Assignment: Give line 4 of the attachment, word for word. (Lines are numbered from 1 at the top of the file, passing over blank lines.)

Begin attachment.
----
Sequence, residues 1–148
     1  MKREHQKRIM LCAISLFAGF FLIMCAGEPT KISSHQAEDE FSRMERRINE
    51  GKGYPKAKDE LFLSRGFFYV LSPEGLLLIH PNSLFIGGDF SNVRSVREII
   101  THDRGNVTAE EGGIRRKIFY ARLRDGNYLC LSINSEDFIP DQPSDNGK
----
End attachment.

   101  THDRGNVTAE EGGIRRKIFY ARLRDGNYLC LSINSEDFIP DQPSDNGK